The aim of the ‘You, me and brain injury’ campaign is to highlight the fact that brain injury doesn’t just affect the individual, but also their family, friends, colleagues, and many more relationships besides.
We spoke to Simon about his brain injury and the affect it has had on his relationships. Simon has been a Headway Thames Valley client since the charity’s inception in 1987 after a road traffic accident.
“My life changed for the worse since having my brain injury. I don’t go out a lot and have to make the effort to talk to people. I think people are scared to talk to me and approach me in case they say the wrong thing.
“I don’t think I would be as close to my family if I didn’t have my brain injury, they didn’t know whether I would live or die after my accident and were told to expect the worst. I’m close with my mum and sisters now and I visit my brother in Cornwall. It’s nice to see lots of my mum, I help her out around the house by dong the hoovering, making the beds and cleaning which makes her happy.
“My dad was my rock, he was 43 when I had my accident, before that we weren’t very close, as I was always out and about, but after my brain injury I was in all the time and couldn’t do much, so we spent a lot of time with each other.We had a very strong relationship and he helped out at Headway aswell, everyone liked him. Now my dad has passed I have stepped into his shoes and care for my mum. I told my mum ‘I’m not going anywhere’.
“I haven’t got many friends; before the accident I had loads. Everyone has gone off at a pace that’s too fast for me and I just can’t keep up with it. Lot’s of them have got married and moved away.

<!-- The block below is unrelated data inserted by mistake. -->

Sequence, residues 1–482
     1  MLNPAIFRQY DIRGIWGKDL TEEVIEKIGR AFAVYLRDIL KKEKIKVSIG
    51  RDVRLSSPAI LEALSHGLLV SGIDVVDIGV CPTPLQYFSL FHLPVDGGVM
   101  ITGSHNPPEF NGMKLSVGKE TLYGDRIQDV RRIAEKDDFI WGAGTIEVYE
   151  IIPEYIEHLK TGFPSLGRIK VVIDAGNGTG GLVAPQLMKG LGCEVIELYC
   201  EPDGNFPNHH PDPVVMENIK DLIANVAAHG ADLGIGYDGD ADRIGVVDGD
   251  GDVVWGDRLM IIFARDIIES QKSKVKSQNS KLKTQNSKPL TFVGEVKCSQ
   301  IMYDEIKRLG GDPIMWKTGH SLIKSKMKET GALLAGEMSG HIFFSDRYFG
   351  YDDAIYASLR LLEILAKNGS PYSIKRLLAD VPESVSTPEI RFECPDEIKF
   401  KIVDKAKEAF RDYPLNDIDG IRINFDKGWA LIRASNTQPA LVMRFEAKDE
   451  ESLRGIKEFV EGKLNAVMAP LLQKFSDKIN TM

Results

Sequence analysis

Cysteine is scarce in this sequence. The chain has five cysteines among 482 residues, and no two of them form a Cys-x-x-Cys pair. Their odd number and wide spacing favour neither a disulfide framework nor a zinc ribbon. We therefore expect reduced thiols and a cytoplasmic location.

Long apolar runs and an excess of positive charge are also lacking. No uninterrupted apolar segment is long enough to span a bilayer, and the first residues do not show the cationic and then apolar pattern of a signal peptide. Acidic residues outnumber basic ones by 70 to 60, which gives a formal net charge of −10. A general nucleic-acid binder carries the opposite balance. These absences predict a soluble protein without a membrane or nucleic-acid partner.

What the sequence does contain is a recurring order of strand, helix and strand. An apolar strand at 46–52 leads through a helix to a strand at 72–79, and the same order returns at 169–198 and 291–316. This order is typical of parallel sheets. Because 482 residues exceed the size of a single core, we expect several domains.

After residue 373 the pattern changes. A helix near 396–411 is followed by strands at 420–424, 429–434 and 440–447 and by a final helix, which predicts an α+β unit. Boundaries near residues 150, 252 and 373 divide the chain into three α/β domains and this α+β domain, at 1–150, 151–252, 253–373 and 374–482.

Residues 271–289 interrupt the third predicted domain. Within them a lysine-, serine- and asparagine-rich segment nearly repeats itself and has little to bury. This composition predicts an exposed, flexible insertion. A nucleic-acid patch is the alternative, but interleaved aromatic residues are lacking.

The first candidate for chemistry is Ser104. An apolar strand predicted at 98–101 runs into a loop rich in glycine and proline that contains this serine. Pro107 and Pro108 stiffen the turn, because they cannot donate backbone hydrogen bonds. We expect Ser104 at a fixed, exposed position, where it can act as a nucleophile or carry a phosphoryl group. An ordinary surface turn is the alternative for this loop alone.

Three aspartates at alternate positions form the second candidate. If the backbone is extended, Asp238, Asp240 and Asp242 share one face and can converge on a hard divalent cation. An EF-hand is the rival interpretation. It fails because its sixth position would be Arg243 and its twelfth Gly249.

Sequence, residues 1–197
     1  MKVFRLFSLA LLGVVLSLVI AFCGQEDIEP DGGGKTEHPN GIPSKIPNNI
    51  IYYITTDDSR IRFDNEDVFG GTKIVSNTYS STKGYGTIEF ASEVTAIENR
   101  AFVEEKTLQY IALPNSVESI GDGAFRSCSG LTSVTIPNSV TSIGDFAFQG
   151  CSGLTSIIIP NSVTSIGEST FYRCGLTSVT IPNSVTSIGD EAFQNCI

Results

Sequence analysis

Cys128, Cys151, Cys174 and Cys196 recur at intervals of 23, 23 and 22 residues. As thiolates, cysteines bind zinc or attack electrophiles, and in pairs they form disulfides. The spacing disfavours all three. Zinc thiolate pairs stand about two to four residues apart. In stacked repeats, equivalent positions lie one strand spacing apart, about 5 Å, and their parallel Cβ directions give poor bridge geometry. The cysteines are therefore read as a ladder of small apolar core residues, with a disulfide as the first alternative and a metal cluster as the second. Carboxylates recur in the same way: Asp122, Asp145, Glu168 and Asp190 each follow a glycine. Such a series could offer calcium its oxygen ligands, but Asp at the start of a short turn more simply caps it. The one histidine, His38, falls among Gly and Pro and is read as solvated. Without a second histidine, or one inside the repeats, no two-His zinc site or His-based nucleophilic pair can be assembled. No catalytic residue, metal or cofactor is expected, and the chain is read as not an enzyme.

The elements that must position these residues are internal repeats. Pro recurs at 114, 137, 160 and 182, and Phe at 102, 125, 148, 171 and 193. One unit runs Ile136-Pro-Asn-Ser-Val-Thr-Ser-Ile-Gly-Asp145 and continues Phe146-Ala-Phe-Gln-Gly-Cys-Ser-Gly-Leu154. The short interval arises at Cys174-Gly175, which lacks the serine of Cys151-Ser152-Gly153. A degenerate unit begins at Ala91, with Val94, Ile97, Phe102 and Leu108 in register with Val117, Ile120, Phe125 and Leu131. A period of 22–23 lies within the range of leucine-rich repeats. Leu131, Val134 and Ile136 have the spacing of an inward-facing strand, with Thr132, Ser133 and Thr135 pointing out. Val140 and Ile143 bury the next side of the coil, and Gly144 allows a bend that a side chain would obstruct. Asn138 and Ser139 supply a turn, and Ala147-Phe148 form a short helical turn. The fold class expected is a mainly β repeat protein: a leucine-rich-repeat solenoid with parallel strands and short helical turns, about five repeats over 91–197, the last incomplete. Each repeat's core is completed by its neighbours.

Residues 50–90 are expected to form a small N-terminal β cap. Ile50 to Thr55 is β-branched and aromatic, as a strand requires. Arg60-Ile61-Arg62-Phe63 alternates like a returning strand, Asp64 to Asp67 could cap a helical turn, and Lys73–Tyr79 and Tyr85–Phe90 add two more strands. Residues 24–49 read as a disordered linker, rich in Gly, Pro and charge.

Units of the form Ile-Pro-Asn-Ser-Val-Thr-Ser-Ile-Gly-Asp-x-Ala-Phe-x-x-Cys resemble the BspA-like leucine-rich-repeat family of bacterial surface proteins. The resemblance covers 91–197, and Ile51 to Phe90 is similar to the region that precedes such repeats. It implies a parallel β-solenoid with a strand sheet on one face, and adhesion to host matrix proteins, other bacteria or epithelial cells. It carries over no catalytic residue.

“Coming to Headway Thames Valley has brought me out of myself and made me more social. I get to speak with lots of different people and I have done things I wouldn’t normally do, like visit Spain and America and I’m lucky I got to do that with my dad too.
“I love speaking to people, I’ve got the gift of the gab, but now when I see people from school I think they just can’t be bothered to talk to me. Sometimes when I’m out with my mum, people will talk to her as if I’m not there and ask ‘how’s Simon doing ?’ I get so angry , I just want to shout – ‘I am here you know! Why don’t you ask me!’ It really pisses me off.
“Sometimes I’ll bump into people I used to know and they will say ‘My god! I never knew you’d be this good!’ and it makes me feel proud as people thought I wouldn’t get better. People shouldn’t be afraid to approach people with brain injuries, because they might actually learn something. I want to tell people to approach someone with a brain injury like a normal person!”